While the U.S. economic recovery is slowing down, travel has picked up since 2009's fourth quarter. Consumers are facing less debt and an increase in household net worth, and those who have weathered the worst of the storm have saved enough to treat themselves to a trip.
While 2009 was the year of the "staycation," travelers in 2010 have opted for more traditional vacations.
AAA projected the number of Americans traveling over this Labor Day weekend will be up 9.9% from 2009.
The traveling won't stop after the summer season, either. According to a TripAdvisor survey, 86% of U.S. travelers are planning fall trips, up from 73% in the fall of 2009. Almost half of the survey participants planned to spend more on travel this fall than in 2009, and 33% intended to spend over $3,000.
Part of the driving force behind the online travel boost is that hotels are offering rare deals to increase visitors, and consumers are too tempted to pass them up.
Hotel "occupancy is low, and that's great for consumers," Orbitz Chief Executive Officer Barney Harford told BusinessWeek. "If you're still working and you feel reasonably good about the economic outlook, being able to get a four-star hotel for a three-star price can be attractive."
Lowering prices has done the trick and encouraged a pick-up in U.S. hotel occupancy, which rose 6.2% in the second quarter and 7% in July, according to hotel industry research firm STR Global. Hotel rates have remained low, rising only 1.3% in July, but overall hotel spending increased 5% that month.
Air travel spending also rose in July, up 12% from the year before. Airfares keep climbing as airlines continue to reduce capacity. Average domestic fares rose 4.7% in the first quarter from a year earlier.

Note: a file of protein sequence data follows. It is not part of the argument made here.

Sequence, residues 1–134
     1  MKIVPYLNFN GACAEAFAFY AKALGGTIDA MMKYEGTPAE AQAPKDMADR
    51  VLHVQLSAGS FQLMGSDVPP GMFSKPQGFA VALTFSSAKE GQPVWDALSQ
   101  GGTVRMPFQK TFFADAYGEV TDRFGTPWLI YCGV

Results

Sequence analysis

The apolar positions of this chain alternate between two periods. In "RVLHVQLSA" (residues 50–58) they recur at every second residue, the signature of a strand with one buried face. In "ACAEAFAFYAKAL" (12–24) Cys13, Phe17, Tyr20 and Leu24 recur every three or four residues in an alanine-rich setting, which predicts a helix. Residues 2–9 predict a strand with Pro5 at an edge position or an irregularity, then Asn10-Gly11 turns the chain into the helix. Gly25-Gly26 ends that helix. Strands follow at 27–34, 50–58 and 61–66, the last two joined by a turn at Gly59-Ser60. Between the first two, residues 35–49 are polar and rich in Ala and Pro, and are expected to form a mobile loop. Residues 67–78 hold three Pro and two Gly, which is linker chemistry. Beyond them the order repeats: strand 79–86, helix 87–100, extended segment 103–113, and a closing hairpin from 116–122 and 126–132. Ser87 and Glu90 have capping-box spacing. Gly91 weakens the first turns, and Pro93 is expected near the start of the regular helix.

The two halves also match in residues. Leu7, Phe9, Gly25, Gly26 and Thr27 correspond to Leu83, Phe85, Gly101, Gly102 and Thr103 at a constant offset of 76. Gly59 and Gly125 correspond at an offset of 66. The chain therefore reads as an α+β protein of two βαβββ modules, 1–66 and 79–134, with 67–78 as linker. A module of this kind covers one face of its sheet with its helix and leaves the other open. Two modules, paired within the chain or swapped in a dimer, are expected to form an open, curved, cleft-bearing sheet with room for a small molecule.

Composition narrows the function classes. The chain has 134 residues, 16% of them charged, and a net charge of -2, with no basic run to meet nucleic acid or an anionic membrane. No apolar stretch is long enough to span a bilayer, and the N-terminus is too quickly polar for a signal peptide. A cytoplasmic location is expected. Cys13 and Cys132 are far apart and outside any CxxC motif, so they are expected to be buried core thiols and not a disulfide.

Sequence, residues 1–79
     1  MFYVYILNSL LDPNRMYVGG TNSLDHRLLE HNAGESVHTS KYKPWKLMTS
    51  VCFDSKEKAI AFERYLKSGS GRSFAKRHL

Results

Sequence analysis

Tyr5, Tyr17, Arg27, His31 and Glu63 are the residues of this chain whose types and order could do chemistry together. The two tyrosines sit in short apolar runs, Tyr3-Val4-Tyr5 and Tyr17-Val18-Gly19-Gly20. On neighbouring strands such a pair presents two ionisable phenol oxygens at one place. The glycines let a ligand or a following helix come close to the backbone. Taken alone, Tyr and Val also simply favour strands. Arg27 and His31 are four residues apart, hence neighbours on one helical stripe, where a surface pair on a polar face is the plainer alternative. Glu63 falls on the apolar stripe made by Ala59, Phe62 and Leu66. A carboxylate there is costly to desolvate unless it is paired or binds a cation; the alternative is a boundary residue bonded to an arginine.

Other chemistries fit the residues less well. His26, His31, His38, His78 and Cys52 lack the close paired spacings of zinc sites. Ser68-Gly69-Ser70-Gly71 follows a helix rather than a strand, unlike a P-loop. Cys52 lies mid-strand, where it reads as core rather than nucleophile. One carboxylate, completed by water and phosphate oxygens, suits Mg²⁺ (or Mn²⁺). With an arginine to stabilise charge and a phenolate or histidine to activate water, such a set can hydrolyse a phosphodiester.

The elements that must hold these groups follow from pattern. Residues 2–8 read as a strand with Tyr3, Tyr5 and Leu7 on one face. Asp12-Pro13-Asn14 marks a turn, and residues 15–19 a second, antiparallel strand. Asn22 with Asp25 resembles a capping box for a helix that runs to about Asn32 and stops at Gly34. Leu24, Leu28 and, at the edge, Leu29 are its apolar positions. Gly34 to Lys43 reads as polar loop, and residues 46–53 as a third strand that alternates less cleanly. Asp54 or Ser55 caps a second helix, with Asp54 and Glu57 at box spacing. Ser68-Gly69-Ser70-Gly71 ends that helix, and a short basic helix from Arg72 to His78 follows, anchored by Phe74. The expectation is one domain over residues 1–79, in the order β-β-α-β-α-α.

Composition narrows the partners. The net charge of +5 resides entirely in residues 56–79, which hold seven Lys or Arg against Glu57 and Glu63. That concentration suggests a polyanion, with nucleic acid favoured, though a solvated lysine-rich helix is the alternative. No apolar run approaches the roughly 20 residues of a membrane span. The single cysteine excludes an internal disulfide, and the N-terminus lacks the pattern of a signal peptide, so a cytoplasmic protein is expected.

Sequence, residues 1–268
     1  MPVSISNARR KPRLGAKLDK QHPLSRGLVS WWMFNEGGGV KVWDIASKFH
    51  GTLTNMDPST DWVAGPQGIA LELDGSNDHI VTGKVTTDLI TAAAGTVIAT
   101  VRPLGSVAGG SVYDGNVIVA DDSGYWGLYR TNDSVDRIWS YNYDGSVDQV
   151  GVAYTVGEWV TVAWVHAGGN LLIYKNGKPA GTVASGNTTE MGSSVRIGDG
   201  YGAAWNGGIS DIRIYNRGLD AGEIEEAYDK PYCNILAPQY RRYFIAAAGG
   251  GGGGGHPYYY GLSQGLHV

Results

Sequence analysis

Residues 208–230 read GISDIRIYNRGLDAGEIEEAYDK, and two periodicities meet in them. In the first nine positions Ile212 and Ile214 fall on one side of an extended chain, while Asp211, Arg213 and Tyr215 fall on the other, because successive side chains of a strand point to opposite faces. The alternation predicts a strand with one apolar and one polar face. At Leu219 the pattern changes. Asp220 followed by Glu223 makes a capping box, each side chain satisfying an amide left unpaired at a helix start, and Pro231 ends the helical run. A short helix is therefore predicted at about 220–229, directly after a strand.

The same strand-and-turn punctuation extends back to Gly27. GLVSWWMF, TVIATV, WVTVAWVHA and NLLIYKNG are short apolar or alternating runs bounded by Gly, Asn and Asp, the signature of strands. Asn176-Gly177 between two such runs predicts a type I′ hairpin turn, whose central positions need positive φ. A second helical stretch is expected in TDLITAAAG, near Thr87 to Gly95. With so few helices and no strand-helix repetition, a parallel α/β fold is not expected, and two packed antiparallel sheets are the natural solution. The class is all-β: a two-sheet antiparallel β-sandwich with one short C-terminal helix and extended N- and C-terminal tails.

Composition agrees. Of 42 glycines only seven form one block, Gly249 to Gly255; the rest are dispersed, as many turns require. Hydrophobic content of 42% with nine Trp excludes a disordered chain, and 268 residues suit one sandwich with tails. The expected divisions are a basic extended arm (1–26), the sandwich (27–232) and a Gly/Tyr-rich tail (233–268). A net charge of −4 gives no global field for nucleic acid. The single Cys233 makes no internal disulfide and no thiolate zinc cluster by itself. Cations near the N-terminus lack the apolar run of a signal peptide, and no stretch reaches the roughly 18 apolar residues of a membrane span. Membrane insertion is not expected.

Knowing they are going to pay more for airfare sends consumers to the Internet to search for the most affordable airline/hotel combo, increasing the need for bargain hunting to make travelers feel as though they are getting the most for their money.
"People are still looking for deals," ThinkEquity analyst Aaron Kessler told BusinessWeek. "When you're looking for deals, you're going to do more comparison shopping."
Experts project growth will continue into next year as travel demand picks up and hotel and airfare prices rise.
Travel company Carlson Wagonlit Travel North America this week released its forecasted 2011 rate information, anticipating price increases in most travel industries as overall business demand improves.
CWT predicts both international economy and business classes and domestic economy airline pricing will increase 3%-5%, boosted by reduced capacity and higher demand.
Hotel rates are expected to climb 6.4% - 7.4% in the United States, with even higher rates of 12% - 12.5% in the Northeast region.
Summer Spike in Online Discount SitesOnline travel sites have enjoyed a successful summer push from consumers' comparison shopping.
"[T]here has been gradual improvement in the overall travel industry," Sandeep Aggarwal, an analyst at Caris & Co. in San Francisco, told BusinessWeek. "People are increasingly more dependent on online travel websites."
Online spending on U.S. travel rose 9% year-over-year in July, building on its 8% growth in June and 7% rise in May, according to marketing research company ComScore, Inc. (Nasdaq: SCOR).